The annual Spring Statement is usually a pretty low-profile affair. But with the huge price-hikes currently affecting everything from energy bills to the weekly food shop, its no surprise that Chancellor Rishi Sunak felt the need to make some bigger policy announcements this year.
With tax changes and a few other types of financial support being made available, this statement has been used to throw out a life raft to those families who are currently struggling. And while the changes won’t make everybody better off, it’s hoped that they will do some good for those on lower incomes. Here are our top three takeaways from this year’s statement, and how they will affect an average household.
National insurance contributions go down for most earners
The rate of national insurance contributions is actually going up from 12% to 13.25%, however most people are going to end up paying less. That’s because the threshold – the amount that you can earn before national insurance contributions kick in – is also going up. From July, the threshold will be £12,570. This means that you’ll be paying national insurance contributions on a smaller portion of your salary.
If you earn less than £41,389 (as 70% of us do), this will mean that you’re paying less national insurance overall. The amount you save depends on your salary, but as an indication, somebody earning £25,000 will be saving around £200. Those on a higher income will end up paying slightly more.
We’ve seen some concern online that this will affect pension eligibility, but that’s a myth. The minimum income needed to earn national insurance credits for your pension will stay at around £6,000 per year.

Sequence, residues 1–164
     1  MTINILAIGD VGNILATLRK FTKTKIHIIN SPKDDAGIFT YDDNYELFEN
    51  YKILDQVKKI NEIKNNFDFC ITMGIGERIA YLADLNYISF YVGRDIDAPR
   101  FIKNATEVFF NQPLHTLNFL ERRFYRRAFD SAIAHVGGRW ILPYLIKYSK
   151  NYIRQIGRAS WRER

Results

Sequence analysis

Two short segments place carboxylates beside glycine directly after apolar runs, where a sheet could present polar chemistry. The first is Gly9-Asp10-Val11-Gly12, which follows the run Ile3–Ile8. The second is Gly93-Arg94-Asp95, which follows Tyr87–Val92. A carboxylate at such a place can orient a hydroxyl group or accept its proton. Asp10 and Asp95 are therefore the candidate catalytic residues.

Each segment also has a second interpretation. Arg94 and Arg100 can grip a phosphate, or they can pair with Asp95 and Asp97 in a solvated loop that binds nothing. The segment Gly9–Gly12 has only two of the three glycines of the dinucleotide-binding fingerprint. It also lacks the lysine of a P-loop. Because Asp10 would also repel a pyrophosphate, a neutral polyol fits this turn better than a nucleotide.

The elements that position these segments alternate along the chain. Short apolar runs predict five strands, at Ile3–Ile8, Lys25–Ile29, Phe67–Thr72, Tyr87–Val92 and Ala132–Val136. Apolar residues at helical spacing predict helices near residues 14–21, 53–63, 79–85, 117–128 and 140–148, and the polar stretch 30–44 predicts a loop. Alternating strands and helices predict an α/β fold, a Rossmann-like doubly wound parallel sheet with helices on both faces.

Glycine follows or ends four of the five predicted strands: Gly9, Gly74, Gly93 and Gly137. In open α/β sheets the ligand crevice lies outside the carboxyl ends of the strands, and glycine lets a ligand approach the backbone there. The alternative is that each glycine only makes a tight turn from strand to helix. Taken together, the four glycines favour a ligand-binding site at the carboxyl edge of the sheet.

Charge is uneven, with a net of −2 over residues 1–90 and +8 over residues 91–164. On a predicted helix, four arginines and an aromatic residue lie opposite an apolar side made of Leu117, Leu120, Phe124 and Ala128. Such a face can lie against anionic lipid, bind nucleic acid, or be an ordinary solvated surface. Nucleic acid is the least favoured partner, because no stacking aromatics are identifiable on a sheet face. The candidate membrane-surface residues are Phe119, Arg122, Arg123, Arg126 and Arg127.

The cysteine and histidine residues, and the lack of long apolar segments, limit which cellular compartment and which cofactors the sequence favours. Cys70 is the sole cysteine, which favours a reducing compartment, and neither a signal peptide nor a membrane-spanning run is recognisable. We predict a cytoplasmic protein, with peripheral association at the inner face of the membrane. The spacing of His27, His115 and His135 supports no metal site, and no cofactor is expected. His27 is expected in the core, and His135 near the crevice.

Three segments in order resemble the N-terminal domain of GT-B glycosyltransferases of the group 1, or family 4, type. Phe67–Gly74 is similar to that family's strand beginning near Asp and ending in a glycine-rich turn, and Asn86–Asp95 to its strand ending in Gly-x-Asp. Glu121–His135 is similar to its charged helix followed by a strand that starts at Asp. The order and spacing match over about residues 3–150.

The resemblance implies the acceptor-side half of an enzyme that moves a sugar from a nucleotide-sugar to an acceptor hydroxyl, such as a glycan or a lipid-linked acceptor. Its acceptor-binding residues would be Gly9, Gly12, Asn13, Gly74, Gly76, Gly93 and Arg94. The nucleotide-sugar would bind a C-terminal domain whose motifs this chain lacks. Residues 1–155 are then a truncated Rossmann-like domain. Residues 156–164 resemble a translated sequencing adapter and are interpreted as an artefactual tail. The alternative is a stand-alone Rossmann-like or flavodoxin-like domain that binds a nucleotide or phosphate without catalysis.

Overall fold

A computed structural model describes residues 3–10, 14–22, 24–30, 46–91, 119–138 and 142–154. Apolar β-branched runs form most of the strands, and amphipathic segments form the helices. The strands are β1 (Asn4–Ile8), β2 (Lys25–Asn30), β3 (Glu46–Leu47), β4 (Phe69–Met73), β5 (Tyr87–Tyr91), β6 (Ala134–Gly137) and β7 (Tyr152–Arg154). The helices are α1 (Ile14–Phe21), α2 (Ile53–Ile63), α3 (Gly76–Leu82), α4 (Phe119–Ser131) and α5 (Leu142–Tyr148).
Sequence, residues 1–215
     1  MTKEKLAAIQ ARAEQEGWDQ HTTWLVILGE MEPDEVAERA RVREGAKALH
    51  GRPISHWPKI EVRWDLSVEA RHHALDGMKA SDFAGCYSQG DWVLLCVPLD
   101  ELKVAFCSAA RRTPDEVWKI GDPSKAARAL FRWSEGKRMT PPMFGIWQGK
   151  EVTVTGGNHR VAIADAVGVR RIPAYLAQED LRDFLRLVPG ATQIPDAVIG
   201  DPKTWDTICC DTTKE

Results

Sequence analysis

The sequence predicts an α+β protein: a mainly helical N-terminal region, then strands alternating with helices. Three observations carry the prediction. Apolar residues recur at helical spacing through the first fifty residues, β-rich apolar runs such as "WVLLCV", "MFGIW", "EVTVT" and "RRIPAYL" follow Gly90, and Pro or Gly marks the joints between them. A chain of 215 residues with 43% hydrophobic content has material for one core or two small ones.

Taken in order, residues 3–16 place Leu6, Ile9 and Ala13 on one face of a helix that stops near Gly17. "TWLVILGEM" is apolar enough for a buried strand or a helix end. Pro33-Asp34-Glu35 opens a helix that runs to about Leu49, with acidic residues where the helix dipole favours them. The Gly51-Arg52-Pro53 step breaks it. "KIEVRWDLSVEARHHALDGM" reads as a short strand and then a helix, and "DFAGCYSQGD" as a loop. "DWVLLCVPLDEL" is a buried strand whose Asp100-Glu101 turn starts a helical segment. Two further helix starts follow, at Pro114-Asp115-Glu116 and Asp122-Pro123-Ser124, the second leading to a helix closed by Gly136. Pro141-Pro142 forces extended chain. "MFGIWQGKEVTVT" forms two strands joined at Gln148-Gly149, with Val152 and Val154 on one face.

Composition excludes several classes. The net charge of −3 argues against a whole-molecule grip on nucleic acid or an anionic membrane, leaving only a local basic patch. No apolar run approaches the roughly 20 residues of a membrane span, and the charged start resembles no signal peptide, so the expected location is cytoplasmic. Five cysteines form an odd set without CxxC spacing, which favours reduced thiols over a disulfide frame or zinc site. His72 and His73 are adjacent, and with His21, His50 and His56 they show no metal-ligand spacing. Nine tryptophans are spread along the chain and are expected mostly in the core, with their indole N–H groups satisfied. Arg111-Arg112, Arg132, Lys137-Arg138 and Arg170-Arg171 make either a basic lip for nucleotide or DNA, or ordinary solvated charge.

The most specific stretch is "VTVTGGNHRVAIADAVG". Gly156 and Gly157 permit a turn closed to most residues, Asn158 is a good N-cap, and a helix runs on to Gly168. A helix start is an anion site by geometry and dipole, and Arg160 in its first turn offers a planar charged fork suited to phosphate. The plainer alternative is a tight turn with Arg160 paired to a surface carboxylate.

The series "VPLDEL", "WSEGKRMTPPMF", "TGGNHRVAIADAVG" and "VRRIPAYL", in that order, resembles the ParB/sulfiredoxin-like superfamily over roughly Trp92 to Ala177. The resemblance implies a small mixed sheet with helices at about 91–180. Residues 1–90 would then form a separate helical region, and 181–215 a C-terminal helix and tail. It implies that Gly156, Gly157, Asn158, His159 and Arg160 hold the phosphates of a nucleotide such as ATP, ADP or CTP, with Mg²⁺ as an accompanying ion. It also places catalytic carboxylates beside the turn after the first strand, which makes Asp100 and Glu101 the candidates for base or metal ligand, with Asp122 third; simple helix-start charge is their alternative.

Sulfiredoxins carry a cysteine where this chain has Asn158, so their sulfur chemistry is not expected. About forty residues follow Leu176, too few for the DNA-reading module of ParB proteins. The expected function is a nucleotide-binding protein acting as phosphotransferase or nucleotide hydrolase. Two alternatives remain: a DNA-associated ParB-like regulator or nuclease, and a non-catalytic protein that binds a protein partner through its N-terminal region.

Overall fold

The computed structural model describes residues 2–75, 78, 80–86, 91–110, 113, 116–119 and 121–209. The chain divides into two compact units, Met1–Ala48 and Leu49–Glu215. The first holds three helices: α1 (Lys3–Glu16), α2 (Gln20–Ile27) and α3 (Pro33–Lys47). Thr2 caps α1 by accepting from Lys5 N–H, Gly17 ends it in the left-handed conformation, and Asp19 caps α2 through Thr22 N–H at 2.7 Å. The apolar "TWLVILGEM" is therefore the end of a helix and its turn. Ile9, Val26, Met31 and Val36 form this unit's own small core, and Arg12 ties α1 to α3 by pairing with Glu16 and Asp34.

It will be easier to make your home energy efficient
One option for countering rising energy bills is to make your home more efficient, with products such as solar panels, heat pumps and insulation. The government wants there to be an incentive for homeowners to do this, so he has cut the VAT from 5% all the way down to zero. This complements existing schemes such as the Green Home Grant, which makes installing pricy insulation materials a lot more achievable.
Fuel prices won’t be quite so expensive
There’s no getting around the fact that fuel is going to be pretty pricy for the foreseeable future. While motorists are unlikely to be eyeing the petrol station gleefully any time soon, Rishi Sunak’s decision to cut fuel duty by 5p per litre will be a welcome one. According to the treasury, it will reflect a saving of roughly £100 a year for the average car driver, and £200 for the average van driver. This is only a temporary measure, set to last for the next 12 months, with the hope that the current cost of living crisis will have eased by this time next year.
These measures should help to ease some of the strain, but the next few months are still going to be expensive for many people. Now is a good time to check your eligibility for benefits, make sure that you’re using the cheapest suppliers for things like internet and mobile phone services, and run over your budget ahead of incoming price increases.
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